The bean factory is merely an object pool where objects are created and managed by
configuration. For small applications, this is sufficient, but enterprise applications
demand more. Application context builds on the foundations laid by the bean factory to
provide services like the following:
• Support for message resources required for internationalization
• Support for aspect-oriented programming (AOP) and hence declarative transac-
tion, security, and instrumentation support
• Registering event listeners in the bean factory
• Creating application layer-specific context such as WebApplicationContext for use
in web applications
The Spring application context can be created like a bean factory and without any
alteration in the configuration file, as shown in Listing 2-12.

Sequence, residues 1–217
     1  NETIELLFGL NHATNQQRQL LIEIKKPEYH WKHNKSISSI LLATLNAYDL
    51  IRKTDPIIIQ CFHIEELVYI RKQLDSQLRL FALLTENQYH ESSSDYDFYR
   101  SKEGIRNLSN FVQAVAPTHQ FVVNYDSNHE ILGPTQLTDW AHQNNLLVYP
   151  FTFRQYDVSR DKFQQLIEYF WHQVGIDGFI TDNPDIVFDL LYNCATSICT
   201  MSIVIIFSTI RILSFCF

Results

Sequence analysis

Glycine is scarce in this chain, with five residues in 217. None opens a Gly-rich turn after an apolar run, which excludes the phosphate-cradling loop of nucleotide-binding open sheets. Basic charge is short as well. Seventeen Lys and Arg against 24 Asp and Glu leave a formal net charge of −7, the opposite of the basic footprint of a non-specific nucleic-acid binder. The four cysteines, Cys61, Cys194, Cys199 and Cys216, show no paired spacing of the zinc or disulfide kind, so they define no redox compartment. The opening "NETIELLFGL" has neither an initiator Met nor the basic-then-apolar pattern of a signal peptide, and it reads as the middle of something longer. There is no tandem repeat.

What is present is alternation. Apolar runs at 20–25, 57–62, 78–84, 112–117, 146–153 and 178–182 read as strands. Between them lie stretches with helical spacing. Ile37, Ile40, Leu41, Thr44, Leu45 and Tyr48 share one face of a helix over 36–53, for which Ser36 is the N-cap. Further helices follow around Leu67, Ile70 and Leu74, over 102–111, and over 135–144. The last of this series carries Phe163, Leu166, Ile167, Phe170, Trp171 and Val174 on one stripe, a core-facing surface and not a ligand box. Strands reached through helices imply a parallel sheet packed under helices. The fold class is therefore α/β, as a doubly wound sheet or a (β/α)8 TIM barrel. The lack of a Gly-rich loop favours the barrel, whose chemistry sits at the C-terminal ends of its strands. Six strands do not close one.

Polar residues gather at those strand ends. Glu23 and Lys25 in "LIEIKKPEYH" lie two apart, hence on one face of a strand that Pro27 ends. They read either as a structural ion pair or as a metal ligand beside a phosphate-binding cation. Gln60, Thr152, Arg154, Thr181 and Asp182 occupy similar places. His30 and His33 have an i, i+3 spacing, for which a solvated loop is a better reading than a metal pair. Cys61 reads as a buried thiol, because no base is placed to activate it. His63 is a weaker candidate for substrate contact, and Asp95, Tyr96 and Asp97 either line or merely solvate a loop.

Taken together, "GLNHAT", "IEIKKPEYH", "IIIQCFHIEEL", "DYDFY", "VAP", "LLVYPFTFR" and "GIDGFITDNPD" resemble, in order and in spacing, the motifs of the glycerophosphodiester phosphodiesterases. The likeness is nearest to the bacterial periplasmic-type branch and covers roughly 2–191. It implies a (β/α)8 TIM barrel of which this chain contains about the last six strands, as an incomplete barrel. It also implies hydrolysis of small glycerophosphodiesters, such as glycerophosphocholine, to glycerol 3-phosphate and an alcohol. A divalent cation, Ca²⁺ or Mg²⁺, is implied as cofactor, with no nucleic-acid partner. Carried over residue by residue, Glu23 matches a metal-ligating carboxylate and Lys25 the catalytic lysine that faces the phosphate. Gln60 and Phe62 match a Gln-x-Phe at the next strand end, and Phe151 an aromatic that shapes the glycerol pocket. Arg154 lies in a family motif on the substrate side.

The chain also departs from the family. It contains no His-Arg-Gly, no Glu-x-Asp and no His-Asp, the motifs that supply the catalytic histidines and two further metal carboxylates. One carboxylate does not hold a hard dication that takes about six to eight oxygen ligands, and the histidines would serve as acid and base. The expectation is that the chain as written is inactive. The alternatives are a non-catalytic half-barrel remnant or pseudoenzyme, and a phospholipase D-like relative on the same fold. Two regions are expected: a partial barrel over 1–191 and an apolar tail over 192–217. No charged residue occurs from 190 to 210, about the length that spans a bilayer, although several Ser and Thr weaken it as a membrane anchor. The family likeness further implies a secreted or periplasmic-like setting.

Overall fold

Listing 2-12. SpringInitializer.java : Starting an Application Context
ApplicationContext context = new å
ClassPathXmlApplicationContext looks for a spring-config.xml file in the classpath and
initializes the application context. Similarly, a servlet listener can be registered to initial-
ize application context in a web application—commonly called web application context .
The listener looks for the configuration file at a specific location within the web applica-
tion archive to start the web application context.
So far, I have given a very basic and simplistic introduction to Spring IOC and DI fea-
tures. For a detailed treatment of the subject, refer to the Spring 2.5 documentation